The seaside township of Kaka Point is nestled among sand and
bush in South Otago.
A popular seaside village less than 20 minutes' drive from
Balclutha, Kaka Point has a permanent population of about
200, boosted by holidaymakers during the warmer months.
The township offers a range of recreational pursuits,
including surfing, fishing and kayaking. It also offers bush
and beach walks, tennis and swimming at a surf-patrolled
beach between November and March.
Tucked into native bush at the top of the township is the
Kaka Point camping ground, which becomes a sea of tents and
caravans as holidaymakers arrive for the summer break.
The camp has sheltered tent and power sites, a full kitchen,
free barbecue and a coin-operated laundry. Set next to a
children's playground, the camp is close to tennis courts and
the bowling club and is a short walk from safe swimming and
Mataura man Bruce Wilson has been coming to Kaka Point each
Christmas for the past eight years.
He and a group of five friends arrived in time for Christmas
and plan to spend nine days at the camping ground.
The group enjoyed a warm Christmas day at the camp, with
temperatures estimated by holidaymakers to be in the high
20s, perhaps even 30degC.
''We started coming in 2004, and have kept coming back.
There's good camp ground managers here. They're friendly and
the ground is a lot tidier since they came,'' Mr Wilson said.
Kaka Point had not changed much over the years, but there
were a few more houses, he said.
''There's a very friendly atmosphere in the camp. Here you
make friends for life.''
''We're already booked in for next year, so we're all ready
to come back.''
Fellow camper Pam Brown, of Milton, said it was the first
time her family had stayed in Kaka Point.
''We normally go north but we figured we would try Kaka Point
this year. It's been great staying at the motor camp, and the
weather hasn't been too bad.''
While only a small township, Kaka Point has a variety of
accommodation to suit all needs, including backpackers,
motels and bed and breakfast places, as well as the camping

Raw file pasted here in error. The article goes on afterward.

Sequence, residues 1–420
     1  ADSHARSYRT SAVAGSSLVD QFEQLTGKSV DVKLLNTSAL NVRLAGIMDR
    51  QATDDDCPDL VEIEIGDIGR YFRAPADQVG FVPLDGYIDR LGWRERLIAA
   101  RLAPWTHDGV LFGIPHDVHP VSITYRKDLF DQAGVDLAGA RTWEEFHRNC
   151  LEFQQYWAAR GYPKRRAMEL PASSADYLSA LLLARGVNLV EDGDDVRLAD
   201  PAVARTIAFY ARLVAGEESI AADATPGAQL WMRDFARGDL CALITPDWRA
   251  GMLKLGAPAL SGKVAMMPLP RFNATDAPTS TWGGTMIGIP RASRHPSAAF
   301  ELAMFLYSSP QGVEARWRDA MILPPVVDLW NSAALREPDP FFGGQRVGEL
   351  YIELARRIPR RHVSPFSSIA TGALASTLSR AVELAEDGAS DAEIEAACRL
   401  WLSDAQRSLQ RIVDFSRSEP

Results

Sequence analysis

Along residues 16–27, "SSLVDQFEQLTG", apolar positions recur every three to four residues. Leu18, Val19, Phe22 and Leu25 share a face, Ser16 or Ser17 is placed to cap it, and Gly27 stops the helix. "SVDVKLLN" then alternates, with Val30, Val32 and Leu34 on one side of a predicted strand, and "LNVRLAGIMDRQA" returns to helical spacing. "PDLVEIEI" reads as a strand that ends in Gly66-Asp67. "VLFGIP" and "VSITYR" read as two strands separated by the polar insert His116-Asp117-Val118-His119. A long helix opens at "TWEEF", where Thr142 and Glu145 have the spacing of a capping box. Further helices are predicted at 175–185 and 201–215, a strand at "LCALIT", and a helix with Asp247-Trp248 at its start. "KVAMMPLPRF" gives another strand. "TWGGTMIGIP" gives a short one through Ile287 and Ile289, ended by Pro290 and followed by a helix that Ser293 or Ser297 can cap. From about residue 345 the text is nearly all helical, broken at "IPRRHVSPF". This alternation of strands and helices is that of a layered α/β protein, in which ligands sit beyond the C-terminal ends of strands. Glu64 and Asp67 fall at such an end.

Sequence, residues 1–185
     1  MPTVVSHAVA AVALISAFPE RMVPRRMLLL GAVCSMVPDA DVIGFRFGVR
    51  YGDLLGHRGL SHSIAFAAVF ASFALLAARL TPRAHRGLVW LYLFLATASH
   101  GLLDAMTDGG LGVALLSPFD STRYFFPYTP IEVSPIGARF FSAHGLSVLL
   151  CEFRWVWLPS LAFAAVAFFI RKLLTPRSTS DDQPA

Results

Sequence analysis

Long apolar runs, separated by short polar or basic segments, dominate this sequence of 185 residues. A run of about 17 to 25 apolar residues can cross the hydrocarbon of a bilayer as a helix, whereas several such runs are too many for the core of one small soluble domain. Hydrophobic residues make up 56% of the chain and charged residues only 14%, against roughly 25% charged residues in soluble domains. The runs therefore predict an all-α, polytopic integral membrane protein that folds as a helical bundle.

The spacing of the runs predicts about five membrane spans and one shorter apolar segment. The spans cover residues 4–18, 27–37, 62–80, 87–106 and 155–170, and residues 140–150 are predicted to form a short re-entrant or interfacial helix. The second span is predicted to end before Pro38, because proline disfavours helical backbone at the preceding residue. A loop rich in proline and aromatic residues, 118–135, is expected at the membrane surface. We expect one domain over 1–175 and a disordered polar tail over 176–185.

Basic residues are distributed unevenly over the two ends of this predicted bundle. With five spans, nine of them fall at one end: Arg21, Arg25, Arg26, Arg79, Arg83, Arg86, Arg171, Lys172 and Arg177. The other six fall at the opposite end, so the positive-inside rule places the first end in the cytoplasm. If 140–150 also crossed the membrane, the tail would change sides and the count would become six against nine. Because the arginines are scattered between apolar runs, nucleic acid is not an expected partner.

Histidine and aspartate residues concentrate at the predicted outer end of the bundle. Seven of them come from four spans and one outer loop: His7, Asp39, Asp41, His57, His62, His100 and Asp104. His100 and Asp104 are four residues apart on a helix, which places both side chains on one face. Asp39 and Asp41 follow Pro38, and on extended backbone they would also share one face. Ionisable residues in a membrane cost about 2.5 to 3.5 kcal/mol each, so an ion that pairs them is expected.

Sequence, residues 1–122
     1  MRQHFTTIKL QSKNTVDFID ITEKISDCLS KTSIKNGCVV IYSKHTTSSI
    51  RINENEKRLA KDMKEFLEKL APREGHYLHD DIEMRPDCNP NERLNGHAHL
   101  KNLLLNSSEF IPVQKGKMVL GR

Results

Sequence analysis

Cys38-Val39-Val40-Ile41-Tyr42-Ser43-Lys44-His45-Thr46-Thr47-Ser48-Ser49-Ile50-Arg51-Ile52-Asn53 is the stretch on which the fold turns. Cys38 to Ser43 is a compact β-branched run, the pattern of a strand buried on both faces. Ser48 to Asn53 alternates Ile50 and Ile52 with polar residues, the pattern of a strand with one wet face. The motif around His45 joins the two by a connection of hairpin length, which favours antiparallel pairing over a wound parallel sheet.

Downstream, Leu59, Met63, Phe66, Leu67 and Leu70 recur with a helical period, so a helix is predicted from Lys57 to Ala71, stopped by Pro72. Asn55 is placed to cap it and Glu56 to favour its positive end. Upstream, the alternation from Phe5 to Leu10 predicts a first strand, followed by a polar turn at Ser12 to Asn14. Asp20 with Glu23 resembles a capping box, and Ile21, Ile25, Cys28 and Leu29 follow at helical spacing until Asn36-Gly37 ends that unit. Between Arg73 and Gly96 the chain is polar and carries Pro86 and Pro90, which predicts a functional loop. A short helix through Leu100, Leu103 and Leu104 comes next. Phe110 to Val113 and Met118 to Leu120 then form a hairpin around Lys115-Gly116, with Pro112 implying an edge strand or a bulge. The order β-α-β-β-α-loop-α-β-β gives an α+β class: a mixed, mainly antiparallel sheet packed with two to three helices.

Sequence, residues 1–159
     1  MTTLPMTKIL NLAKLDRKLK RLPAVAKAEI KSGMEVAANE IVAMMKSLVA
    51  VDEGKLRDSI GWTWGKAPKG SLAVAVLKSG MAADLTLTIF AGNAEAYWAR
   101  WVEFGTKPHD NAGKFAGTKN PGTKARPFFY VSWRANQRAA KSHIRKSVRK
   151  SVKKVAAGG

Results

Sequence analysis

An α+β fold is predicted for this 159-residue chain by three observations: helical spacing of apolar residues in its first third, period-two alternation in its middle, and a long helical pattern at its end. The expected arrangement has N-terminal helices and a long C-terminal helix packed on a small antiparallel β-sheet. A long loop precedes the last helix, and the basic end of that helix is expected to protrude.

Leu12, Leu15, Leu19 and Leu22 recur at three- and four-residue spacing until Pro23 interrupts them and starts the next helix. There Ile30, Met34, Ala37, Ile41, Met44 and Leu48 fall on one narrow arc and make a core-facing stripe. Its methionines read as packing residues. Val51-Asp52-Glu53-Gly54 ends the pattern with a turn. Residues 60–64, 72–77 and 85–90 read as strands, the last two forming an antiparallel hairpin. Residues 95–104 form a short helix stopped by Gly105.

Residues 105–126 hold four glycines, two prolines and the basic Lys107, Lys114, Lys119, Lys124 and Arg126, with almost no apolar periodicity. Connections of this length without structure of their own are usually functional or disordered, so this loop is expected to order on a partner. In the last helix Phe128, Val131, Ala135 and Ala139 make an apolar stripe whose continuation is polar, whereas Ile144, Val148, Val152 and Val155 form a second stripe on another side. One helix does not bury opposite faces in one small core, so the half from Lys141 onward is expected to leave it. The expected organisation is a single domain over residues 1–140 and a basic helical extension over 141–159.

Other amenities include a general store with postal
facilities, restaurant and bar, public telephone, seaside
picnic areas, changing sheds and toilets, children's
playgrounds, fire station, community hall, surf clubrooms and
Resident Mark Deacon said the township was great place to
live all year round.
''Why would you go anywhere else for Christmas? It's great
here all year, especially in summer.''
Only 8km down the road is Nugget Point, a popular tourist
A prominent headland, Nugget Point obtained its English name
from the early whalers and sealers who thought the offshore
rock stacks resembled nuggets.
At Nugget Point there is the spectacular Nugget Point
Lighthouse Wildlife Reserve (Tokata), which is home to fur
seals, New Zealand (Hooker's) sea lions, elephant seals and
yellow-eyed penguins (hoiho), as well as a wide variety of
Here visitors can park and take a short walk overlooking
Roaring Bay to watch yellow-eyed penguins coming ashore in
the evenings, or drive to the second car park and take a walk
to the Nugget Point lighthouse.
Along the coast around Kaka Point and to Nugget Point are
plenty of places for fishing. Nugget Point's fishing history
is on display at the Point Cafe and Bar, where owner Colin
Paterson has painted the wall above the pub's fireplace with
an image inspired by historical photographs and the landscape
near Kaka Point.
Mr Paterson created the painting using two historical photos
of fishing boats along the coast from Kaka Point and his
memory of the landscape.
Photos by Helena de Reus and Peter McIntosh; prints
available from otagoimages.co.nz.